In reality, Britain never had a realistic choice when it comes to retaining or abandoning the EAW. No matter how much some members of the Conservative Party may rail against the EAW or the ECJ, the alternative would be a patchwork of cooperation agreements akin to what the EU has established with third-party countries — an arrangement altogether insufficient in the face of shared security threats.
Though there have been proposals to negotiate a replacement to the EAW, these pitches are little more than pipe dreams. Their proponents are adamant that many of the standards placed on signatories of the EAW are already met through standards in Britain’s national law, and therefore do not require much negotiating. However, as a report conducted by the House of Lords Select Committee warned, any operational gap between the EAW ceasing to apply after Brexit and a replacement to become operational would pose unacceptable risks. Looking at Britain’s dismal track record in negotiating successfully with Brussels, London is more likely to face a serious judicial cliff edge rather than a functional extradition treaty come Brexit day.
The security implications would be immense. The 2005 London bomber, Hussain Osman, was extradited to the UK under the EAW mechanism, a move that would become nearly impossible if May were to abide by a select few Tories. Time and time again, the EAW has ensured justice for UK victims for crimes perpetrated against them abroad: Thomas Kearney, extradited from Ireland after stabbing a London man 54 times in 2012; Stephen Burnell, returned to a British prison from Crete on charges of sexual offences against a 9-year-old girl; Gilles Poelvoorde from Belgium, after hacking £229 million ($307 million) from a London bank.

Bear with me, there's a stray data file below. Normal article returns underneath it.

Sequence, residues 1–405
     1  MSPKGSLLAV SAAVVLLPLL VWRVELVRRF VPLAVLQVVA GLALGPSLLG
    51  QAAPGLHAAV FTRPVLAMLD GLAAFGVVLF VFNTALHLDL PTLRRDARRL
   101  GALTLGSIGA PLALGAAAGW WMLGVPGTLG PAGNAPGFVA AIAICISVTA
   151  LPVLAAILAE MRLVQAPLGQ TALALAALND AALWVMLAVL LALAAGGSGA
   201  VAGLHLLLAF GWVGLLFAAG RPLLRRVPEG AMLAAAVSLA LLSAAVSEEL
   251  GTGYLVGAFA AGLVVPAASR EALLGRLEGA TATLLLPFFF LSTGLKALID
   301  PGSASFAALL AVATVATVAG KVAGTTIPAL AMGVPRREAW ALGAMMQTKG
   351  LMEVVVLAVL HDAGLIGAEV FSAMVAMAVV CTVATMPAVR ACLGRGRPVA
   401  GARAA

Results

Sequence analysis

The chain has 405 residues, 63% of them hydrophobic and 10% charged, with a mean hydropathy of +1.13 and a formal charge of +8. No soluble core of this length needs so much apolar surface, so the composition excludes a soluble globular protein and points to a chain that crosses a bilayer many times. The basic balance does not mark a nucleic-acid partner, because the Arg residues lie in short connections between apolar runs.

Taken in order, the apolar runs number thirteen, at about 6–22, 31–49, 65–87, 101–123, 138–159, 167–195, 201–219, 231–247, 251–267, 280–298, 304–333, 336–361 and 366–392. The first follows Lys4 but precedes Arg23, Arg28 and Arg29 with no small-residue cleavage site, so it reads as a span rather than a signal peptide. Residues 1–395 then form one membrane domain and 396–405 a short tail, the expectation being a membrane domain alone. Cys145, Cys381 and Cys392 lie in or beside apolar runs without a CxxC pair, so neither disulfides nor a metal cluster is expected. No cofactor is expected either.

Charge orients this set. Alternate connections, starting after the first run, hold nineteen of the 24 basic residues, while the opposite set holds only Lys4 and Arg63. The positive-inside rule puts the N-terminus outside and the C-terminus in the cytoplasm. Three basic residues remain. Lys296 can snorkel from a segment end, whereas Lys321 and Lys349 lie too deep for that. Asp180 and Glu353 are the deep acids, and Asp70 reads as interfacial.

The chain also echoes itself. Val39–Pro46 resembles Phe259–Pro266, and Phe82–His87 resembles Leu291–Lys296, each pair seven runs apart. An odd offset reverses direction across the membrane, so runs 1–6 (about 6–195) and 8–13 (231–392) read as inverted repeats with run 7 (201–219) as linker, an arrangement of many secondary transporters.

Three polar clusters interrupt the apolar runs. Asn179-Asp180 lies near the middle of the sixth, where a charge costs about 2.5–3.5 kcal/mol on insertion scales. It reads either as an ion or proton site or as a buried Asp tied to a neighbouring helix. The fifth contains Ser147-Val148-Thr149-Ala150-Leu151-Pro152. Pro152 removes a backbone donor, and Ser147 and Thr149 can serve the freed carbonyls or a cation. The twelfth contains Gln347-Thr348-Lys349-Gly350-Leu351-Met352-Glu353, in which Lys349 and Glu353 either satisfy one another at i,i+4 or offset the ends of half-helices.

At the same time, leaving the EAW would make it difficult to expel wanted foreign criminals from the country. Metropolitan Police statistics show that 45 alleged killers and 35 men wanted for rape were among 1,423 suspects detained in London since April 2009 before being sent to European countries. Drug traffickers and suspected terrorists are also facing prosecution abroad thanks to the fast-track system.
Far from being a decider of guilt, the EAW is ambitious in its streamlining of law enforcement processes between EU countries. Cries of judicial independence are a grotesquely insufficient defence given the reality of its effectiveness, and May has done the UK a favor when she compromised under EU pressure this week to ensure a win-win for European and British courts alike. Only criminals with deep pockets would profit from the type of hard-Brexit dystopia that backbench Tories would have embraced. Without intentional cooperation with our neighbours on the continent, post-Brexit Britain will surely flounder.
*[This article was updated on September 30, 2017.]
The views expressed in this article are the author’s own and do not necessarily reflect Fair Observer’s editorial policy.